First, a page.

Taste: You can just about taste the toasted corn of the tortilla chip but there’s far too much seasoning which is reminiscent of smelly socks and not tangy at all, despite the name.

Health: A long list of unappetising ingredients means we are again in UPF territory, but these Doritos are surprisingly high in fibre and not as high in salt as you might imagine.

Pringles Salt & Vinegar

Nutrition per 100g (serving size 30g): 514 kcals, fat 29g (of which saturates 6.3g), carbs 56g (of which sugar 2.5g), protein 5.7g, fibre 3.3g,  salt 1.9g

Taste: The overpowering, almost nuclear salt and vinegar flavour might appeal to younger tastebuds, but for my more mature palate was far too strong.

Health: It won’t surprise you that these are ultra-processed and at the higher end of the scale for sat fat and salt. Not the worst offender, but very little to recommend them nutritionally.

Hula Hoops Original

Nutrition per 100g (serving size 24g): 499 kcals, fat 25g (of which saturates 2.2g), carbs 65g (of which sugar <0.5g), protein 3.1g, fibre 2.6g, salt 1.4g

Taste: There’s something about the ratio of hula to hoop that’s just perfect, and the simple light salting is what makes these a true crisp classic.

Health: A nice surprise to see just six ingredients listed, and although still technically a processed food definitely at the better end of the scale. Also one of the lowest in sugar.

Kettle Chips Lightly Salted

Nutrition per 100g (serving size 25g): 516 kcals, fat 29.5g (of which saturates 2.0g), carbs 53.7g (of which sugar 0.4g), protein 6.5g, fibre 5.0g, salt 0.7g

Taste: These crisps were my favourite, a ‘fresh-from-the-fryer’ taste, enough salt to season without making you pucker, and perfectly crisp.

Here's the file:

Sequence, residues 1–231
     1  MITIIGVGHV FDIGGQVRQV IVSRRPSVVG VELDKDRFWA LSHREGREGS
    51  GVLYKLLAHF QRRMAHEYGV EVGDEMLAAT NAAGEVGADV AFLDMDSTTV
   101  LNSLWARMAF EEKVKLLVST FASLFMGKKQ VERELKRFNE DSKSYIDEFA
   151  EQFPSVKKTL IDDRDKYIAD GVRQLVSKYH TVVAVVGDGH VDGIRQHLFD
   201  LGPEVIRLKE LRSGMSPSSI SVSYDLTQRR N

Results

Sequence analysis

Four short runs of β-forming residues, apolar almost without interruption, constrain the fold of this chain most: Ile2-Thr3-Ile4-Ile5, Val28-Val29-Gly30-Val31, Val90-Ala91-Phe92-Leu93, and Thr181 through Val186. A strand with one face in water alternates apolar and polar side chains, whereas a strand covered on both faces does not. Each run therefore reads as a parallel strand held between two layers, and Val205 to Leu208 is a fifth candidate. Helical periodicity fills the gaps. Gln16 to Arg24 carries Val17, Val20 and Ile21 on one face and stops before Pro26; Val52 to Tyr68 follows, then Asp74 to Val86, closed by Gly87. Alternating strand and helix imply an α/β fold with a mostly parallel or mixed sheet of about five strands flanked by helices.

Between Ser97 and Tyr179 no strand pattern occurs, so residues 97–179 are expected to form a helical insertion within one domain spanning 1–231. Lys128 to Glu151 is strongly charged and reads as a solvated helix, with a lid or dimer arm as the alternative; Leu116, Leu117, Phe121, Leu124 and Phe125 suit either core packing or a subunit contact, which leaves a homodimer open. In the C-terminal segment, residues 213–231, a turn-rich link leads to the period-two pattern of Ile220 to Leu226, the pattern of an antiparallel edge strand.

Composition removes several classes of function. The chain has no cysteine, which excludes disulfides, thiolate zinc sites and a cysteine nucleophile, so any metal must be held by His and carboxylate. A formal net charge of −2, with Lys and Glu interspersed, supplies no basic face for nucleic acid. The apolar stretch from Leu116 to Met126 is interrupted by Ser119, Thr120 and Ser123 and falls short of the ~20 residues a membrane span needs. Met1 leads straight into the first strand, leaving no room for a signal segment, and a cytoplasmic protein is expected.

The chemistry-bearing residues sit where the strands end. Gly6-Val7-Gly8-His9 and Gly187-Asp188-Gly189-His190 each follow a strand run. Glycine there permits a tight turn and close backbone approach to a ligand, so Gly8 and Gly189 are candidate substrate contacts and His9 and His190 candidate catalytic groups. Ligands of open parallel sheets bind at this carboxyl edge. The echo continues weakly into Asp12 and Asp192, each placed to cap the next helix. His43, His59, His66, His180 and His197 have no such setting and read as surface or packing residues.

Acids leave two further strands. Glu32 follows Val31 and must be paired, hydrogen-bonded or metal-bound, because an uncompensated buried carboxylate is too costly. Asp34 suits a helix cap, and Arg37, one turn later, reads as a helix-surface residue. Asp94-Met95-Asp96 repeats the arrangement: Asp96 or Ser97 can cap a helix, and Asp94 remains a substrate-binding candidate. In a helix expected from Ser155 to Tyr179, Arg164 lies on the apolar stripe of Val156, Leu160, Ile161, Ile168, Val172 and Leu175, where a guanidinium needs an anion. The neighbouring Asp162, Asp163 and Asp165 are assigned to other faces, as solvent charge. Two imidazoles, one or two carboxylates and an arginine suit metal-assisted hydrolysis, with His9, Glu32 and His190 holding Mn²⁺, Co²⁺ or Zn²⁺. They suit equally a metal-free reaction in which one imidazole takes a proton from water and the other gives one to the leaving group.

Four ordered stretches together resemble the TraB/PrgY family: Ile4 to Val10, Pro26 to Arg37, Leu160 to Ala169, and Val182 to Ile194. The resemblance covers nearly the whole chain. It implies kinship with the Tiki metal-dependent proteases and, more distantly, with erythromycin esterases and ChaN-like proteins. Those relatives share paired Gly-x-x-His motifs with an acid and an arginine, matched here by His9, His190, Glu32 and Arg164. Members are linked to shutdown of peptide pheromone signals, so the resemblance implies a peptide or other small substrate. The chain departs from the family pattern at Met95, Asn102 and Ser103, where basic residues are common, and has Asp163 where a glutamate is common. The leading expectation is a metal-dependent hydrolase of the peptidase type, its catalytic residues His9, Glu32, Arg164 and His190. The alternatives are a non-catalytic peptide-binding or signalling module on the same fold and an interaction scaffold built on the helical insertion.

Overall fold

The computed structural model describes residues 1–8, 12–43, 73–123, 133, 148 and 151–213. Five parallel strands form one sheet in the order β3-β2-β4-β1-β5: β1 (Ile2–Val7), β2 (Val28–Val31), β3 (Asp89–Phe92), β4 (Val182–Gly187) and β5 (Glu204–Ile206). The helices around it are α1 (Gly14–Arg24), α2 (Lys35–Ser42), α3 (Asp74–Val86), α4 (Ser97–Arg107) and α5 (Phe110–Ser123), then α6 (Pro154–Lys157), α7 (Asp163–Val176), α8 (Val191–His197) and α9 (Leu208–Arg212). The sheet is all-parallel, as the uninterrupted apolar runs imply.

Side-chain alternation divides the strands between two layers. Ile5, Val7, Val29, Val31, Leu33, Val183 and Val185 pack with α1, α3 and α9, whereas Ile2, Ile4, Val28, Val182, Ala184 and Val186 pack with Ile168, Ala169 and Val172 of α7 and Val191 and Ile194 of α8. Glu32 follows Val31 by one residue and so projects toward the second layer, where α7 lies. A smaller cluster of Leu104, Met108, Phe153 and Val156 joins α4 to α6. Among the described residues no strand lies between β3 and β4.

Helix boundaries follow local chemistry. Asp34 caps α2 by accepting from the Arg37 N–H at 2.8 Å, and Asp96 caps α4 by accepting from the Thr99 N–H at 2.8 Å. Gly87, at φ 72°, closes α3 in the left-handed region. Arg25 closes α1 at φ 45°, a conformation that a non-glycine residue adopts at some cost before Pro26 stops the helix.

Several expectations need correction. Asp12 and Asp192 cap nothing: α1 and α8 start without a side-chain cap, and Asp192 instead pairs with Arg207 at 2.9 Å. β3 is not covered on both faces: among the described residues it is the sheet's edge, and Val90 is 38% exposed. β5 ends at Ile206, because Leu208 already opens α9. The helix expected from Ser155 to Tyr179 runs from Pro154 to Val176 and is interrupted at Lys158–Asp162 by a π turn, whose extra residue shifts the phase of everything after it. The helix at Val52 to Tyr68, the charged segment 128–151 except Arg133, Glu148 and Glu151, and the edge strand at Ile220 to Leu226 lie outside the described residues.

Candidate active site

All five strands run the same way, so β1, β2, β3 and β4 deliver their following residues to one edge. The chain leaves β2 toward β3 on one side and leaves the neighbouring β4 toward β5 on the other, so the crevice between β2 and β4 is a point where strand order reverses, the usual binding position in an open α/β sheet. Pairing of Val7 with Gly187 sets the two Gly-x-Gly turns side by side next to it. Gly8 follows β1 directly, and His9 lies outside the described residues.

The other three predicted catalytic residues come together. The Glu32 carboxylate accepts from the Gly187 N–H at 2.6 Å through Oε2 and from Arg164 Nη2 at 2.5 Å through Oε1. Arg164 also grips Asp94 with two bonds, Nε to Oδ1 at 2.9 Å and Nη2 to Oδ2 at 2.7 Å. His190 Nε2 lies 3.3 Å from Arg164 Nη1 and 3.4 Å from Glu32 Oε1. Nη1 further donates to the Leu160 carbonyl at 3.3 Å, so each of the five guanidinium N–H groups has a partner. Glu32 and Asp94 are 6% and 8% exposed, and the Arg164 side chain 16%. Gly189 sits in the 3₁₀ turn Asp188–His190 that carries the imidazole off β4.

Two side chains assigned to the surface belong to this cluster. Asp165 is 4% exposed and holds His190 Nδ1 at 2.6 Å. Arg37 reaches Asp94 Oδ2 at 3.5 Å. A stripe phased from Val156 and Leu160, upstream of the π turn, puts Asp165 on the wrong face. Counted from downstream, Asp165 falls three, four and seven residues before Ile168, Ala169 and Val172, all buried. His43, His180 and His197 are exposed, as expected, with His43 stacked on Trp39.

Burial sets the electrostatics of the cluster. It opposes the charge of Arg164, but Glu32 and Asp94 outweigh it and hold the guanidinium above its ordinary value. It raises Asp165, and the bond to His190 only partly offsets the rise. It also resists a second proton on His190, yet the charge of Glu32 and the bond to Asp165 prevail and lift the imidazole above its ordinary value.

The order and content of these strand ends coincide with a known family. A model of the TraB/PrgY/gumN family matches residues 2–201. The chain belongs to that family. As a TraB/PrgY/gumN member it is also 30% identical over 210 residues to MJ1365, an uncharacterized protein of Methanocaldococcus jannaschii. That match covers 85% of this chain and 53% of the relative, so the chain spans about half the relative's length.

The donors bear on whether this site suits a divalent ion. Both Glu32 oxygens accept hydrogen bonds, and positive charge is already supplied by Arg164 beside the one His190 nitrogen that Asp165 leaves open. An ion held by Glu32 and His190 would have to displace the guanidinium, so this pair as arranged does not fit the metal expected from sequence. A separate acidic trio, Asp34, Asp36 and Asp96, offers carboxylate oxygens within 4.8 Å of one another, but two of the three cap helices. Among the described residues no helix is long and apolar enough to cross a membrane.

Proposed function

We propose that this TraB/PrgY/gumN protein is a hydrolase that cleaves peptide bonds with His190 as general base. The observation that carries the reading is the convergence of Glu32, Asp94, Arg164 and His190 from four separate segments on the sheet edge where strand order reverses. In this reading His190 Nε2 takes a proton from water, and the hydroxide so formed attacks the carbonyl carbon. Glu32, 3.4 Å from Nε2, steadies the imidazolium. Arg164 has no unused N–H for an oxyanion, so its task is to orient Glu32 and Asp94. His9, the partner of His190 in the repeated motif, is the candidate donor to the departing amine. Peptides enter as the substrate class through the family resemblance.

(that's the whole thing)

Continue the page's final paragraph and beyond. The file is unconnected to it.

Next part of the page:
Health: As they proudly state on the packet, these crisps contain ‘absolutely nothing artificial’, just potatoes, vegetable oil and sea salt. They were the lowest in sugar and salt, better than average for protein and fibre but just a little high in saturated fat. Nonetheless my new go-to crisp.

The ‘healthy’ crisps

Manufacturers have been quick to exploit our ‘crisp guilt’, with many ‘healthier’ crisps now available on supermarket shelves. But as any savvy consumer knows, just because a product purports to be healthier doesn’t mean it is. The ‘health halo’ is a tactic companies use to draw consumers’ attention to one beneficial aspect of a food, for example stating it is ‘high in fibre’, to make the food appear better for you than it actually is. As well as containing some fibre, the same product could also be highly processed and contain lots of sugar, fat or salt.

Popchips Sour Cream & Onion

Nutrition per 100g (serving size 23g): 432 kcals, fat 13g (of which saturates 1.7g), carbs 69g (of which sugar 4.4g), protein 6.7g, fibre 4.8g, salt 1.1g

Taste: I liked the crunchy texture of these popped chips but felt they didn’t deliver enough in the way of sour cream and onion flavour. A bit underwhelming.